LGR – The Oregon Trail Electronic Handheld Game!

LGR – The Oregon Trail Electronic Handheld Game!

Greetings and welcome to an LGR thing!
And this thing right here is The Oregon Trail, or rather a new iteration of it
for 2018. And it’s being sold at a suggested price of $25 US dollars. This is a
dedicated electronic handheld unit based on the classic edutainment game that was made most famous on the Apple II in the mid-1980s However as fondly remembered as that version is that is not exactly what you’re getting here. In fact what
you get is a little bit more advanced than I expected, more on that in a moment. But yeah for now just look at this thing, man! I’m always fascinated by dedicated
handhelds, I loved getting those Tiger electronics
things back in the day even though they pretty much all sucked. But this is
thankfully a lot better than that. But somewhat annoyingly it is exclusive to
Target stores in the USA, at least as I’m recording this video. And no this is not
sponsored, they didn’t send it to me or anything, I didn’t get it for free. I just
saw it on the shelf and bought it because it looked cool. It turns out
Target is no stranger to selling exclusive Oregon Trail products, they
also released this Oregon Trail card game a year or two ago by Pressman.
Similar packaging but it’s just a card game. I’m not huge into card games but I
picked it up anyway because I like Oregon Trail products. Anyway this
electronic version is manufactured by Basic Fun which is a division of The
Bridge Direct. I’ve never owned anything of theirs but I have seen some of them
hanging around various shops. Especially these miniature arcade machines, those
were kind of impressive I thought. But yeah this is the first one of their thingies that I have
picked up and you know what? I’m just ready to get inside of this thing
because I mean just look! “Set out on the trek from Independence, Missouri to
Oregon’s Willamette Valley!” Ah, many fond memories of playing Oregon Trail games
over the years, so let’s jump into the box and see what you get inside.
Yeah there’s little twisty things, just twist off of there and now there you go.
You got one of those little pull tabs to get the included batteries doing their
thing and to get the store demo mode disabled. And say hello to The Oregon
Trail unit itself! A rather compact little thing about the size of a Game
Boy Color, definitely a good bit thicker than that though. And to me it actually
looks a a little bit like a Macintosh, like an
earlier compact Mac. Anyway down here you have some controls which are, well… they
don’t feel great let’s put it that way. Cheap, gummy, plasticky things with a
rather bizarre d-pad here. You have these diagonals and cardinal directions then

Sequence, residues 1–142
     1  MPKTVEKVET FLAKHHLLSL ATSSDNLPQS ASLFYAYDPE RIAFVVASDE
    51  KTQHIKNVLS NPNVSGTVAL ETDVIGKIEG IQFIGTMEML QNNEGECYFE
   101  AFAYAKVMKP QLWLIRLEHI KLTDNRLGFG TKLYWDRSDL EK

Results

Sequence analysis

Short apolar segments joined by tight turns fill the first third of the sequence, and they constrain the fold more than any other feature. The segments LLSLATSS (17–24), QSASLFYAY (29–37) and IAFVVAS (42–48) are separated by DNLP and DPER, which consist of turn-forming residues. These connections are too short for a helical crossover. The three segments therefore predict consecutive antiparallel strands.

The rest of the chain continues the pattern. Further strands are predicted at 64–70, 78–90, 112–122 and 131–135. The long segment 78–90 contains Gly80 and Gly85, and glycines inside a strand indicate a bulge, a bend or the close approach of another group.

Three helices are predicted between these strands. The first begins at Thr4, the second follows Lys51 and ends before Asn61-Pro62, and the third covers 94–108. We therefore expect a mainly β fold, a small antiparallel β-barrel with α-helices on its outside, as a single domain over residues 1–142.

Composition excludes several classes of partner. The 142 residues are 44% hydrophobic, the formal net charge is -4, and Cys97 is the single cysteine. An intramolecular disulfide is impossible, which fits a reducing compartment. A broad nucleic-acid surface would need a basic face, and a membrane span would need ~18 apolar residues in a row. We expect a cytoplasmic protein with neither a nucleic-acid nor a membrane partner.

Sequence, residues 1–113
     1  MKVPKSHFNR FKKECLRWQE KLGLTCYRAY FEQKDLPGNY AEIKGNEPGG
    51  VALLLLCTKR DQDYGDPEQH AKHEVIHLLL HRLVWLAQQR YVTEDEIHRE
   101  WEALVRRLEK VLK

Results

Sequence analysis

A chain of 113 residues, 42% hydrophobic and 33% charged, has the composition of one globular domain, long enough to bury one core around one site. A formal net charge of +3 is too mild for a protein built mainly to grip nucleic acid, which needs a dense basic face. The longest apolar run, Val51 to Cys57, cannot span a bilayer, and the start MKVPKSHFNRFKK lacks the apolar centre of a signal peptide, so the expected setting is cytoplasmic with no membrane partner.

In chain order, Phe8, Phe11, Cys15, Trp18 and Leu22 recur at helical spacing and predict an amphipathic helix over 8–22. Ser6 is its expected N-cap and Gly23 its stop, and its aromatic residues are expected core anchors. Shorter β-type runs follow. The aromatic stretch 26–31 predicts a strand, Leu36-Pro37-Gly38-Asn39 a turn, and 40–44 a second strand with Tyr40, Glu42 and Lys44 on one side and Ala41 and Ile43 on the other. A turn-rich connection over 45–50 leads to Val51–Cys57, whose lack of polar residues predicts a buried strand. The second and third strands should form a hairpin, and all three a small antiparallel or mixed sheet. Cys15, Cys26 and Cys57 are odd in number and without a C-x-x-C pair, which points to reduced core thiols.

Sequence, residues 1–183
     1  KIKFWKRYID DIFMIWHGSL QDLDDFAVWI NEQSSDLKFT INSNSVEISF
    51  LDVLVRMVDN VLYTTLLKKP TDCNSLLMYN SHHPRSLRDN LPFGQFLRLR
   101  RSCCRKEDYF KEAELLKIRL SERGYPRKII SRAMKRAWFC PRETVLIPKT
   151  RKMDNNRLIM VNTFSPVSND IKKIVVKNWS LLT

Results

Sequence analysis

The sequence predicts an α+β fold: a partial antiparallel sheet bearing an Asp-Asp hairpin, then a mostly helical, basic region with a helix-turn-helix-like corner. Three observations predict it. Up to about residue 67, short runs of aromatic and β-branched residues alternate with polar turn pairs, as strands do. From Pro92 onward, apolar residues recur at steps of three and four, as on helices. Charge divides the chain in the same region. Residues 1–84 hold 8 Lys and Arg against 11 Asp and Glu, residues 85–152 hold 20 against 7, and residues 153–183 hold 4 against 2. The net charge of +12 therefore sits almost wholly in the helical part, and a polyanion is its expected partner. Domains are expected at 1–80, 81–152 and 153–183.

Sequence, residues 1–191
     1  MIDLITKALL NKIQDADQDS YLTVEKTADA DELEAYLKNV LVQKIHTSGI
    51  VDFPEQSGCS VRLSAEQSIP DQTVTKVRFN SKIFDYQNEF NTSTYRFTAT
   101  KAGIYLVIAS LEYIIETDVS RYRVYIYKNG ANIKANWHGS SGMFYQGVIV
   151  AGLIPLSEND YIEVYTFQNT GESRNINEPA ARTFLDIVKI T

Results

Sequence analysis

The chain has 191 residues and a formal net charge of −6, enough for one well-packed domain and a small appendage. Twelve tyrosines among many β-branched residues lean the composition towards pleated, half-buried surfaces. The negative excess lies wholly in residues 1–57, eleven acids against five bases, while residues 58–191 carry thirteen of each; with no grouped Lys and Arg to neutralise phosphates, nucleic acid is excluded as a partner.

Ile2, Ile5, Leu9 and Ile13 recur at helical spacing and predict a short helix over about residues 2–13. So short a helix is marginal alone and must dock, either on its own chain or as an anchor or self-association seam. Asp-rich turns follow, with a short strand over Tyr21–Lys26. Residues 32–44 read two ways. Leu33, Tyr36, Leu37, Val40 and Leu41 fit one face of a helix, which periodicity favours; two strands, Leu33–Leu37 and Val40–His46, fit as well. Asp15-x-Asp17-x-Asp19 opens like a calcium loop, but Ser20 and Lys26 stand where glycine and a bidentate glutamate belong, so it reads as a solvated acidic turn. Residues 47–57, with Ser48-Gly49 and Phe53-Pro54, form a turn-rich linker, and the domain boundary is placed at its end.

these other keys for enter, the wagon for the menu, got the sound on and off
and a yes or no button for different questions in game. And you also get a
little black and white fold out instruction manual which pretty much
just tells you to play the game. But if you’ve played practically any Oregon
Trail iteration over the past 30-something years then you’ll be right at
home because this really is a classic iteration that has been redone to fit in
this handheld form. Press the power button and it powers on and yep, you get
a backlit two-and-a-half inch LCD screen. It’s quite sharp, very readable. This
is what I was impressed with, I was not expecting this to look this “nice,”
relatively speaking. Yeah, sorry about the dust and like, scratches. A lot of that is
underneath the plastic when I got it. I tried to clean it up as much as I could
but you know. Anyway here you go, this is The Oregon Trail! And it is the
classic game, really. I’ve covered this before on LGR many years ago, but the gist of the gameplay is you’re a person, or a family really or group of people, that
are trying to get from the east coast to the west coast of the United States in
the mid-1800s. And there are different difficulty levels depending on who you
choose to be from the start. So the banker has the most money and the
carpenter is kind of in the middle and the farmer’s like “nyeh.” You can name your leader and four members of your party which is always an opportunity to have
some fun with the naming. And before setting off on your trek you have to buy
some equipment and supplies. And you’ll need to buy, at minimum, some oxen to pull you along. And then you have the option to get as much food, clothing, ammunition, and spare parts as you want and/or need. And there you go, you’re ready to start!
“Good luck! You have a long and difficult journey ahead of you.” *chiptune Yankee Doodle plays* So yeah you not only get a full-color
screen but a pretty decent little sound chip that plays chip tunes and PCM
sounds! It doesn’t have a headphone out jack so I couldn’t get a direct
recording but yeah, it sounds pretty darned acceptable for this tiny little